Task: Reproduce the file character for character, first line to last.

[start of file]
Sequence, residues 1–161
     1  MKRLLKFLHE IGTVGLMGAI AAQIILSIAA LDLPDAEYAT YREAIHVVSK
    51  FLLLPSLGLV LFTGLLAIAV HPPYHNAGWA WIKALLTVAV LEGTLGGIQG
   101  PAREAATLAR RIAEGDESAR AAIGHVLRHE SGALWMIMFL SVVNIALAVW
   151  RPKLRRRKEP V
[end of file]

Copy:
Sequence, residues 1–161
     1  MKRLLKFLHE IGTVGLMGAI AAQIILSIAA LDLPDAEYAT YREAIHVVSK
    51  FLLLPSLGLV LFTGLLAIAV HPPYHNAGWA WIKALLTVAV LEGTLGGIQG
   101  PAREAATLAR RIAEGDESAR AAIGHVLRHE SGALWMIMFL SVVNIALAVW
   151  RPKLRRRKEP V